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Through the Funhouse Lens of Memory – “Murder by Death”

It’s long been established that human memory is an imperfect mechanism.

Like my perpetual motion machine.  Curse you laws of thermodynamics

But back to memory.  Fact is, your memory is a decaying structure of facts, half-truths, prejudices and saucy water-cooler rumors about which celebrity is currently sleeping with which other celebrity.

Which is why you know that these two are perfect for each other…

…can’t remember anything you were taught in trig class…

…and vaguely remember having seen this in one of the Jaws movies. . .

Every memory you have is decaying.  Some, like the name of that douchebag at the bar last night, will decay very quickly.  Some, like your name, will take a very long time.

But all memories grow old, pruney and die.

A visual of a memory at death’s door.

Which brings me to the movie, “Murder by Death.”

Several years ago my brothers and I got together and started spouting out movie quotes from this movie, a shared favorite from our misspent youth.

My brothers and I in our salad days.

And while we were quoting it we decided we needed to see it.  After all my brothers’ wives hadn’t seen it and this was an atrocity of unparalleled proportions that had to be remedied.

Like this.

So we found a copy of the movie and put it in.  The opening credit rolled.  The movie ran.

 And awkwardness ensued.  My sisters-in-law reaction can be summed in one word.

Unamused.

Their reaction was strong enough that one of my brothers actually revisited his opinion of the movie.

Now, sure, the movie wasn’t the sum of its greatest lines.  It was dated, silly, and a tad offensive I suppose.

The “We Don’t Ever Want To Imagine Sir Alec Guinness‘ Naked Wrinkled Body Society” certainly might have a bone to pick.

But it still was pretty damned funny.  Peter Sellers, David Niven, Alec Guinness, Peter Falk is a cast to die for, and reading Neil Simon lines . . . I will not apologize for liking this film. 

This is a film that people to need to apologize for liking.

The fact of the matter is I don’t mind being judged for liking “Murder by Death.”  And I’m the kind of guy that thinks a person should be sent to some fiery Hell unless they repent having ever enjoyed one of the Jackass movies. 

Also, I don’t believe repentence should be allowed for having liked certain other things . . .

So, yeah, maybe “Murder by Death” is dated, and maybe it’s a little better in my memory than it actually is when projected on a television screen.  But, you know what?  That’s okay. 

Because while liking this movie may not make people think of me the way I want them to…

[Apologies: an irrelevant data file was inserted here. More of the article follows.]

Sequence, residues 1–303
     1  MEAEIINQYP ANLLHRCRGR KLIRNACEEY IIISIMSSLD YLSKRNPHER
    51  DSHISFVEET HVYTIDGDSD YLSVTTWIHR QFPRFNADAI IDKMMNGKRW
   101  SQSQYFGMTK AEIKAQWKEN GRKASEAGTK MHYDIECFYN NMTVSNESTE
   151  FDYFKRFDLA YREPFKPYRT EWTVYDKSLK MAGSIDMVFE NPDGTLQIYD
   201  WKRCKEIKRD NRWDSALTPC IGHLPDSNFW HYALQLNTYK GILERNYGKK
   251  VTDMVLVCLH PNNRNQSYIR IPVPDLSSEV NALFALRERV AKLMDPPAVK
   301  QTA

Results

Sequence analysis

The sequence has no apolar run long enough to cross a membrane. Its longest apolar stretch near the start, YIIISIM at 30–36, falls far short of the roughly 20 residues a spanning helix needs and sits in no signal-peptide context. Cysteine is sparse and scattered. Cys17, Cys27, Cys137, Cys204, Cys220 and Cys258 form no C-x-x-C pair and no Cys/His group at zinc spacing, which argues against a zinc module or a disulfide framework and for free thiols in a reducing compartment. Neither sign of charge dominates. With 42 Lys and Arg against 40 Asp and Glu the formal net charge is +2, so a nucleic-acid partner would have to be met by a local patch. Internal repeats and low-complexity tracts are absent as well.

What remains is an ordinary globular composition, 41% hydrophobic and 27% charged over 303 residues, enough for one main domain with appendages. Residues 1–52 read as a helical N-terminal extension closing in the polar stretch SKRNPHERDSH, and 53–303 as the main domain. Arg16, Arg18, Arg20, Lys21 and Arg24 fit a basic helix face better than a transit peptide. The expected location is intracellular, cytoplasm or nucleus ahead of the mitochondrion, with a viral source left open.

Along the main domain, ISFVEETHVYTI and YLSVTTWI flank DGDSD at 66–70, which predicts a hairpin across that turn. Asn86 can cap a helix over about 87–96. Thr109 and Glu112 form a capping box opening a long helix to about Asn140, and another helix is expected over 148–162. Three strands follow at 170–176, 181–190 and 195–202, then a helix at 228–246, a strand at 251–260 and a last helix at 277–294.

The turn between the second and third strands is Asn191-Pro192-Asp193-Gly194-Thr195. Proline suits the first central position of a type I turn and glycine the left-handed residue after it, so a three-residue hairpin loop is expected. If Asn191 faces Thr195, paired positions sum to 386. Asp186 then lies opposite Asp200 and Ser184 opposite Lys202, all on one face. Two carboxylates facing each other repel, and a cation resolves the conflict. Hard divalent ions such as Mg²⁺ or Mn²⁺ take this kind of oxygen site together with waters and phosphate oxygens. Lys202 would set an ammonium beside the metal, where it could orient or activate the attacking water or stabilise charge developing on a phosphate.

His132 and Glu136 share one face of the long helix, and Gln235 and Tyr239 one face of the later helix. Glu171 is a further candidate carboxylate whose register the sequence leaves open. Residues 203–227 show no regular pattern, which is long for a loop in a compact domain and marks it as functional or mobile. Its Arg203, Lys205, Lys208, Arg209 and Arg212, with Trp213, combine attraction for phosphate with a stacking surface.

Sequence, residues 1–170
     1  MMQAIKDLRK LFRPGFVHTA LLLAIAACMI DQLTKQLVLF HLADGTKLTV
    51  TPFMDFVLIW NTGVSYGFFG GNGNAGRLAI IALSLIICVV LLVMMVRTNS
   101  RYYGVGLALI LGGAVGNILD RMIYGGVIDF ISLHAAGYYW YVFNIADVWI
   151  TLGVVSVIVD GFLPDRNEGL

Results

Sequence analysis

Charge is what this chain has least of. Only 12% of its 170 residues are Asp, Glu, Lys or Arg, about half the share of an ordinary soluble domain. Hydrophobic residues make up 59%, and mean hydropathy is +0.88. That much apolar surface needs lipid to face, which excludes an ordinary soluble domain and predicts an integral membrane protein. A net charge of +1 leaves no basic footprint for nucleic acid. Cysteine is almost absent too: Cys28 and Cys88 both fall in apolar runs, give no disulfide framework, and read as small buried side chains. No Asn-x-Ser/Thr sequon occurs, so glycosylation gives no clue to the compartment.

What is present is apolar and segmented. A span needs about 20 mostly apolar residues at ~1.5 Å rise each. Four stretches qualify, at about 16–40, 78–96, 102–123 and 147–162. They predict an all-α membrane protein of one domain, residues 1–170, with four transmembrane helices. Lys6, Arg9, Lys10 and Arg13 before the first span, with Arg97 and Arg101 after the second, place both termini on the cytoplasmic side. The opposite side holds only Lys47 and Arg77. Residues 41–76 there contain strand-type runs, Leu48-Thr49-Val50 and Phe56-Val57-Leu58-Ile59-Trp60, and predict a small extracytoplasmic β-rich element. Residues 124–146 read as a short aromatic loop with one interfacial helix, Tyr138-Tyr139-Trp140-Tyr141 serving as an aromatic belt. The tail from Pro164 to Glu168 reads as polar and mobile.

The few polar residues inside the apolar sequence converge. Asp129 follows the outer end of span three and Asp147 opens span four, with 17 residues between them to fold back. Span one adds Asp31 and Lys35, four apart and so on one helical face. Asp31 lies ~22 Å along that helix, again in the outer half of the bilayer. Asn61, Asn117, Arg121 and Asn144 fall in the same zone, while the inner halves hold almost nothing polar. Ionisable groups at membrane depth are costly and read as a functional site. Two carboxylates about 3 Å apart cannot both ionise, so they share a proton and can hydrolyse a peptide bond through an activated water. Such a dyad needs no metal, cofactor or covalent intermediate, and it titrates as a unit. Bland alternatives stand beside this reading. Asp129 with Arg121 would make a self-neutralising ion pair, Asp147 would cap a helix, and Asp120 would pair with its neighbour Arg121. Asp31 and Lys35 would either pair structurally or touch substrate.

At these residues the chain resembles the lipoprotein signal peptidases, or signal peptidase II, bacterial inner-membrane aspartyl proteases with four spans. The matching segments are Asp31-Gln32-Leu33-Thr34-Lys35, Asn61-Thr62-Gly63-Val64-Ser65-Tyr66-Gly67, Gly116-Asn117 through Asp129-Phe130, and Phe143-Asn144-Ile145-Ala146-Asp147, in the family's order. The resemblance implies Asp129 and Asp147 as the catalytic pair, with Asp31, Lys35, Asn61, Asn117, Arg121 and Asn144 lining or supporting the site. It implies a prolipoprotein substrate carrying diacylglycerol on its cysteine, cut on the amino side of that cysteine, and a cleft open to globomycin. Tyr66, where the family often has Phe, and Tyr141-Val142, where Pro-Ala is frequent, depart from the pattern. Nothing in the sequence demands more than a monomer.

Like so

…at least it makes me laugh. 

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5 comments on “Through the Funhouse Lens of Memory – “Murder by Death”

  1. having loved WC Fields in my “salad days” I firmly believe that if I showed his movies or even the Marx Brothers movies to the young people in my life today, it would shatter their belief that I am an intelligent woman with impeccable taste! I know where you’re coming from, young Craig. That is why in my decaying brain, I can still remember Fields muttering about water being something fish shit in.

  2. Pitch perfect, bro! Now back to my piece on why I love movie musicals and my wife thinks that makes me just a tad gay. Also, too why I think she’s sadly mistaken.

  3. You made Jennifer laugh with your personification of her utter horror at Murder By Death.

  4. Sadly, I think I fell asleep during the viewing of Murder By Death; I’d rather fall asleep than see my wife make that face… I suspected Julie would not like the movie.

    Generally I feel the build-up of a movie is always better than the real thing. To this day I prefer to quote lines from any Mel Brooks movie with a Mel Brooks fan than actually watching one of those movies. I’m guessing it has something to do with a reflection back to when you first saw the film and it was SO fresh and funny. Ok, maybe I prefer to watch Young Frankenstein, but I definitely prefer quoting blazing saddles and spaceballs.

  5. Well, as one of the viewers at that nostalgic evening, I enjoyed being with those who had originally enjoyed it with me. I didn’t think that my wdil’s (wonderful daughters-in-law) would “feel the joy” of going back in time. Alas, nothing can compare with the first time you view a great movie or (maybe) read a great book.

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